The role of this court in reviewing the sufficiency of the evidence is to determine whether, after reviewing all the evidence in a light most favorable to the party opposing a motion for judgment as a matter of law, substantial evidence exists in the record to support the jury's verdict such that "reasonable and fairminded persons in the exercise of impartial judgment might reach different conclusions." Maxey v. Freightliner Corp., 665 F.2d 1367, 1371 (5th Cir. 1982) (en banc). If so, the jury's verdict must be upheld. See id. Manifestly, the testimony of O'Neal, the crane operator, that he noticed no defects, the testimony of seven witnesses who stated that they were unable to visually detect any defects, and the testimony of the foremen who stated that no one reported any problems to them is sufficient for a reasonable jury to conclude that this defect wad hidden and unknown to the stevedore. While the majority should be looking to see if substantial evidence exists to support the jury, it instead takes on the role of a fact finder. The majority in this case picks and chooses the evidence that it feels supports its theory of the case, while refusing to recognize the existence of credible evidence sufficient to uphold the jury's verdict.
There is clearly substantial evidence in the record such that a reasonable jury could conclude that the defect in crane number four was not open and obvious to the stevedore. The majority's conclusion to the contrary, based on its unwavering faith in the testimony of the crane operator to the exclusion of all other evidence, is difficult to comprehend. Accordingly, I respectfully dissent.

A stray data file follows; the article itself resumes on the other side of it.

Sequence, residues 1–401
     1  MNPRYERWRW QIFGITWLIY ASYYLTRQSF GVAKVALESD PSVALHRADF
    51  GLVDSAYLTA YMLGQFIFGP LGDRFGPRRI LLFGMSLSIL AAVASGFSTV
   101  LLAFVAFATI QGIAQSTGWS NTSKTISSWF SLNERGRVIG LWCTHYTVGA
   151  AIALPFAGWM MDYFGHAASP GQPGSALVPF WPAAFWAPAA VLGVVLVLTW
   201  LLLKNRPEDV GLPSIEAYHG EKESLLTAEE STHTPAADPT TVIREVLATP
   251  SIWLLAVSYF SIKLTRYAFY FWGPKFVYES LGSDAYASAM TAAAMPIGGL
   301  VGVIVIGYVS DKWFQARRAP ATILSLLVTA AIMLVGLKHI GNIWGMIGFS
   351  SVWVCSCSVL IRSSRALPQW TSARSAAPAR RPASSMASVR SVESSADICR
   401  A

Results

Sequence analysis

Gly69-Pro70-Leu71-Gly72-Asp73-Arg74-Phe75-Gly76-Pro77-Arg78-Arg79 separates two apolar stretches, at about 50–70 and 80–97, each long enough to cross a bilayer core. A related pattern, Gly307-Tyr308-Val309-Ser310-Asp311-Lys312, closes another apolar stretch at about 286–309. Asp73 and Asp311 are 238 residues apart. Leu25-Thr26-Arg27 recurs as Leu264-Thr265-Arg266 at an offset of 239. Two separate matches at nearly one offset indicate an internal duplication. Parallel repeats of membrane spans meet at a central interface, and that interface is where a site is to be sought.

Greenwood also presented the Shipowners' journal entries describing the poor condition of the crane's roller electric cable, and the fact that "[f]rom beginning of work of cranes in Corpus Christi the socket of boom brake on crane 4 was not functioning properly." There is no evidence that any of these defects were related to the allegedly malfunctioning slewing brake which is claimed to have caused Greenwood's injuries. Logue testified there was no problem with the boom brake during the period of his operation described in his testimony
George Polinard (Polinard) corroborated this testimony. Polinard, another longshoreman who had frequently served as a crane operator, testified that he "observed that all of the cranes were not smooth at all, very jerky in their motions."
This view is supported by Guilford who testified that he did not remember Logue informing him about the defective slewing brake (or any defect in the crane). He stated that he did not know about the defective slewing brake and did not inform his superior (the walking foreman) or the Shipowners about it